It arrived a few days ago, and when I saw the cylindrical plastic packaging I knew it had to be another fine example of the distiller’s art. After all, I am the spirits reviewer for these fine publications and web sites. I opened it and inside was something called H2Orange. I stopped reading right then and there and guessed it would be some sort of flavor infused vodka or rum. So I opened the bottle and took a small sip. My first impression was, “man that’s smooth”. I waited for the subtle hint of orange to tickle my taste buds and I waited and I waited. Either that was the most subtle orange on the planet or my taste buds had imploded and died or there wasn’t any orange at all. Not only wasn’t there any orange flavor but I also couldn’t discern any taste of alcohol, neither vodka not rum nor gin, nothing, NADA. Okay, so in my confusion I reached for the accompanying literature and there was the answer. It had nothing to do with orange flavor of any kind and it had nothing to do with alcohol, it was water! Texas water! WTF!
I initially thought the container had an interesting shape, and it turns out to be a replica of the University of Texas at Austin tower. This bottled water is a fund raiser for the University, whose primary color is orange. The sale of this purified Texas water funds academic scholarships and internships with the goal of raising $1 million annually for the next ten years and beyond. Their motto is; “Drink Water, Bleed Orange, Fund Scholarships”. The water is currently available throughout Texas.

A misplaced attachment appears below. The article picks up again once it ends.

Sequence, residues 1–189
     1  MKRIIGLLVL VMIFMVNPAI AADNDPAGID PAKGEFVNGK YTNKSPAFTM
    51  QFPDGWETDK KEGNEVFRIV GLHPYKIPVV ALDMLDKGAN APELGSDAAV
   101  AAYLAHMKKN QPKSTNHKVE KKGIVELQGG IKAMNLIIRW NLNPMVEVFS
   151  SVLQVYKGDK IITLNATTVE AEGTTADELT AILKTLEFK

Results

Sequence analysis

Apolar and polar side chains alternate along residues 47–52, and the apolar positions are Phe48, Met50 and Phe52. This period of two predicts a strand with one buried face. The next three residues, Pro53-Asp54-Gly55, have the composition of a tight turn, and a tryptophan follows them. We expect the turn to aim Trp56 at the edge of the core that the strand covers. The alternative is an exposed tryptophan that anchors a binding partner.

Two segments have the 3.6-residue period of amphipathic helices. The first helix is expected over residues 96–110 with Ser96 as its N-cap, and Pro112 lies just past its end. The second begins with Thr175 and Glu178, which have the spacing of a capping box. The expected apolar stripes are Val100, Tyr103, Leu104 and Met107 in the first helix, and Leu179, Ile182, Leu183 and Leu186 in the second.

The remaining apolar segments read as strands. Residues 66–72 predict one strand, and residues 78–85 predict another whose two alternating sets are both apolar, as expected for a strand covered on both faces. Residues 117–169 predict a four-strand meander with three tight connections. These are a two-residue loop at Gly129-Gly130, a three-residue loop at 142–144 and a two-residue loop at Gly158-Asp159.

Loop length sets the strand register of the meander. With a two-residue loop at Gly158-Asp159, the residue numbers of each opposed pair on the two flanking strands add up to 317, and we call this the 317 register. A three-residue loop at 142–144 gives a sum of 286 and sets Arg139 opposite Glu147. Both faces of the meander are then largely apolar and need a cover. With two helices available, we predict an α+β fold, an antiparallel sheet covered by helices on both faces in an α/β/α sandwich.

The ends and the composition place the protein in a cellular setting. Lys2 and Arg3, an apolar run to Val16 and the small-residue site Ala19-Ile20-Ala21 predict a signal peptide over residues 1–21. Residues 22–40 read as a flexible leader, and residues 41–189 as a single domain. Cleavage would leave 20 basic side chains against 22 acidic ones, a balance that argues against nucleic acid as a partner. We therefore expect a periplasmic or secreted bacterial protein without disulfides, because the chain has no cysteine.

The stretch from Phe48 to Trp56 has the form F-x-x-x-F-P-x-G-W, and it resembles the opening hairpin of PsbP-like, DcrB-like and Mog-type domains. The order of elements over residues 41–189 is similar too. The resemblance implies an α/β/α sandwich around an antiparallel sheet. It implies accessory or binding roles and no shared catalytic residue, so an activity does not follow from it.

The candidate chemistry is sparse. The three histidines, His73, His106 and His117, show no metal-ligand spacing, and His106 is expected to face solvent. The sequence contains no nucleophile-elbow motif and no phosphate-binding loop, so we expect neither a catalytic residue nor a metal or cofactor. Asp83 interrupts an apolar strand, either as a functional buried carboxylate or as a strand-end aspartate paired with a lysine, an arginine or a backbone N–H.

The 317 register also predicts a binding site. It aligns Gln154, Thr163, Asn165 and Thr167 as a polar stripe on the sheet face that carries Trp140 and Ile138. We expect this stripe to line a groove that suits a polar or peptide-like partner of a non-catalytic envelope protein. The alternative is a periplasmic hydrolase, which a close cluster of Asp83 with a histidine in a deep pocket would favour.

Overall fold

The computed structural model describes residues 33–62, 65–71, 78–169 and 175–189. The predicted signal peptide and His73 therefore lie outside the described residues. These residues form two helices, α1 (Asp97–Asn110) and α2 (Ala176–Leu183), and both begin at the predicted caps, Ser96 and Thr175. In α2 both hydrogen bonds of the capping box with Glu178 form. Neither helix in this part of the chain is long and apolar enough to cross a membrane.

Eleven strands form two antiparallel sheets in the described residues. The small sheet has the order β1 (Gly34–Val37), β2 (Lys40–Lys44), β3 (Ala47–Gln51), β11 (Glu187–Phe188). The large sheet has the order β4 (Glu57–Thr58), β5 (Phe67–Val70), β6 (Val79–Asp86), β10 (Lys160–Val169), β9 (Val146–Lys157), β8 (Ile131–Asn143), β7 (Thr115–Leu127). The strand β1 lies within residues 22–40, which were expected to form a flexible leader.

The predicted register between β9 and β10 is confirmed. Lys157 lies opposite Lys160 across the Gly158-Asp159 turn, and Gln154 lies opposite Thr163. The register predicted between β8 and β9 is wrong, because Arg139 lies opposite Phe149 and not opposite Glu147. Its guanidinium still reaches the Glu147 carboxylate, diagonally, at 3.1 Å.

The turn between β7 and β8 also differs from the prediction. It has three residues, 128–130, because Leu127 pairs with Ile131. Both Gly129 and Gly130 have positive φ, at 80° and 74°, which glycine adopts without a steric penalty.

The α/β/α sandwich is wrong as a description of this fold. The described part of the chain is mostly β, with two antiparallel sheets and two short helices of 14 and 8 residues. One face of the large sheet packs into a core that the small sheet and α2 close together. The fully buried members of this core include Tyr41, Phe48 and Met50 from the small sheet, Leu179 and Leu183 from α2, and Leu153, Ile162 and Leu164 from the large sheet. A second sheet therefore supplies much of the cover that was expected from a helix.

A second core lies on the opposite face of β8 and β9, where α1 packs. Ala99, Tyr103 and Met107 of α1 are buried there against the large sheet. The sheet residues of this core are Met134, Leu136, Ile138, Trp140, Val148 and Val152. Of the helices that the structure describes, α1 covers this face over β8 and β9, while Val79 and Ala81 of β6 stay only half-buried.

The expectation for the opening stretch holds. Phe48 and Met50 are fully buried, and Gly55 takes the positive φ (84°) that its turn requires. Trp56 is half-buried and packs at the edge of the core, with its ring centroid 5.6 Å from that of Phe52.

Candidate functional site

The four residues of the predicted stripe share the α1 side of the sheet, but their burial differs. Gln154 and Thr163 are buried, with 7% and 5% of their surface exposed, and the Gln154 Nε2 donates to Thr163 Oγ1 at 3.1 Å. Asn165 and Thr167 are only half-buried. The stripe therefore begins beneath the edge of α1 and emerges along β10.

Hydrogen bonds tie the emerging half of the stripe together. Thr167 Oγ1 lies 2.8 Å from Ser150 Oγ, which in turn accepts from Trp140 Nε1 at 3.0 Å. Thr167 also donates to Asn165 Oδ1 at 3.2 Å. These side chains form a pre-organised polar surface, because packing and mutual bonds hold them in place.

H2Orange is “Texas Purified” to achieve optimum purity and taste. Texas rainwater collects in three Texas rivers – the Atascosa, Nueces and Frio – which flow into Choke Canyon Reservoir and Lake Corpus Christi. The Corpus Christi Municipal Water District purifies that water to exacting EPA standards, then the Oneta Bottling Company further purifies H2Orange, using a combination of activated carbon, ozone, ion exchange, reverse osmosis, and deionization.
It’s pretty good in scotch and water and quite nice as “bourbon and branch” (whiskey and plain water) and makes terrific ice cubes.
By George Brozowski
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